NEHTA's future in the hands of COAG: Hambleton

Former AMA president Steve Hambleton intends to play an active role in improving clinical input into eHealth and in influencing the direction of the National E-Health Transition Authority (NEHTA) despite the recommendation of the Royle review, of which he was a member, that the organisation be dissolved.

Dr Hambleton, who was appointed chairman of NEHTA late last month, said he stood by the recommendations of the review but that the final decision on NEHTA was in the hands of the federal and state health ministers. NEHTA is owned and funded through the Council of Australian Governments (COAG).

“COAG together with the federal health minister need to decide about future directions, the strategic direction of eHealth in this country,” Dr Hambleton said. “I think there is an enormous opportunity for us to do something. How and what body that is done in is the governments' decision.”

He said he took on the role of chairman to be in a position to help implement future plans for eHealth.

“I think there's a huge amount of investment that has gone into IT in this country, and I think there is a real opportunity to make sure we leverage off the investment we've made so far and get outcomes that are meaningful,” he said. “There is an opportunity for structural reform in the health system supported by good communications.”

While former chairman David Gonski played a low-key role at NEHTA, Dr Hambleton said the chairman's position and the board itself, which is made up of the state directors-general of health or their appointees, had a great deal of influence over the direction of the company.

“Obviously the governance body is the one that interprets the direction that the company should go in and the management needs to deliver on that, but you do have an enormous amount of influence together with the other board members, and that's the exciting part,” Dr Hambleton said.

“We have very intelligent, motivated and engaged people but as we said at the AMA, as we said in the review, we need to make sure that we engage and deliver what the profession needs.”

It is no secret that NEHTA has come in for a great deal of criticism, particularly from the medical software industry over its management and technical capabilities. Clinicians have also been critical of its lack of engagement with healthcare professionals in the implementation of the PCEHR, starkly illustrated last year when the entire clinical leads team resigned, including another former AMA president, Mukesh Haikerwal.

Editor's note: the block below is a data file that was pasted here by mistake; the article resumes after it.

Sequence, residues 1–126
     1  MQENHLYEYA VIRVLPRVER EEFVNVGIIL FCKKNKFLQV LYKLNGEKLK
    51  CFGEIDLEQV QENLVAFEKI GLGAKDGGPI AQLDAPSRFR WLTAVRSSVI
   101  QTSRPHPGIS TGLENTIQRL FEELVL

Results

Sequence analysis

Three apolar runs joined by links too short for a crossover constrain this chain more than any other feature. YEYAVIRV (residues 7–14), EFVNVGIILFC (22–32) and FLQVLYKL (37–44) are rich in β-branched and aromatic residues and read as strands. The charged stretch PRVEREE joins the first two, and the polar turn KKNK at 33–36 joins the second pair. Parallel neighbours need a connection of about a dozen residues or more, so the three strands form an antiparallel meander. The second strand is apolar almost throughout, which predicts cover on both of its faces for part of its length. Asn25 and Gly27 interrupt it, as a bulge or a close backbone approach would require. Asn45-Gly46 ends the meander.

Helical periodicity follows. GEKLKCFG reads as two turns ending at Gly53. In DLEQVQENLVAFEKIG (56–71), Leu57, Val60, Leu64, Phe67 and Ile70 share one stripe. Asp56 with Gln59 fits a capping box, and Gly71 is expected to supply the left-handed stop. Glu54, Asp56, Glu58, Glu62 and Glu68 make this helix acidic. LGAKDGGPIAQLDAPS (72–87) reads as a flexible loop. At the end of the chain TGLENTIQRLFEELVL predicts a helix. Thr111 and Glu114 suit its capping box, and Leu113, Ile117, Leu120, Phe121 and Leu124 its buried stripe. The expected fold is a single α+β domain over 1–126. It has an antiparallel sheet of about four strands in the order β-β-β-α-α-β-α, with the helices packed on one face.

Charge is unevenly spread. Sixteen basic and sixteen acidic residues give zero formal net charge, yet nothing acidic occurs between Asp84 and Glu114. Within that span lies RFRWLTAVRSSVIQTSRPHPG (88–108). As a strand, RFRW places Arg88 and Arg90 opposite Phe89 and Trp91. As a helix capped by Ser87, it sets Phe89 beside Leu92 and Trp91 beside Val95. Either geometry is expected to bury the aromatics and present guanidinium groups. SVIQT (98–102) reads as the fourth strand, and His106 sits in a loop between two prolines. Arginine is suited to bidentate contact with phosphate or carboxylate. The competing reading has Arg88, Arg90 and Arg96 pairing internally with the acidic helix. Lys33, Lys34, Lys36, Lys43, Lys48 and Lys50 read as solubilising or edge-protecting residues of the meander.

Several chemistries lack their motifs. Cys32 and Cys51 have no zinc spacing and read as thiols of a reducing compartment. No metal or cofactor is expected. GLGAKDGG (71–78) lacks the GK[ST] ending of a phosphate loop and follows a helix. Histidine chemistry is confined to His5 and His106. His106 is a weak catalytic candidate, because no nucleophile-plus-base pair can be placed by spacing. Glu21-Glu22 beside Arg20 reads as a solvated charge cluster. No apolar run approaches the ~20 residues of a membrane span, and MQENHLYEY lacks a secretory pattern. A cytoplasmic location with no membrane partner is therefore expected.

Dr Hambleton said he accepted there had been criticism of NEHTA's past performance but that he was confident it could be changed.

“The answer is absolutely we can change it,” he said. “There is no doubt that there has been criticism levelled, governments have been concerned, software groups have been concerned, the profession has been concerned, but if you don't get in and do something you can't change it.

“If you get in there and do something, and recognise there are issues, you can. I'm very confident that we can take up the challenge.”

He also said he was confident that he could improve clinical input and governance and that NEHTA was already moving to engage clinicians more in product development.

“My role early on is to find out where the clinical engagement in that sits and to make sure that we have sufficient to progress what NEHTA's tasks are,” he said.

He clarified a statement quoted in another publication last week that “NEHTA would continue indefinitely”, stating that he actually meant “eHealth would continue indefinitely”. He said a number of foundational products had been delivered, such as Individual Health Identifiers, secure messaging, the Australian Medicines Terminology and SNOMED-CT AU, which in effect had created a national rail gauge on which to build.

“We've got that, we've just got to start using it,” he said. “Having been to places like Canada where there is no standard rail gauge, at least NEHTA has decided what the gauge is.

“Part of the challenge is how NEHTA participates in the future, but much of the rest of the challenge is how we engage with what we've already got. There are some really good things about the PCEHR, the basics are there, and we've just got to start using them. It is not all because of NEHTA, but NEHTA has played a significant role in setting up the frameworks.”

Posted in Australian eHealth

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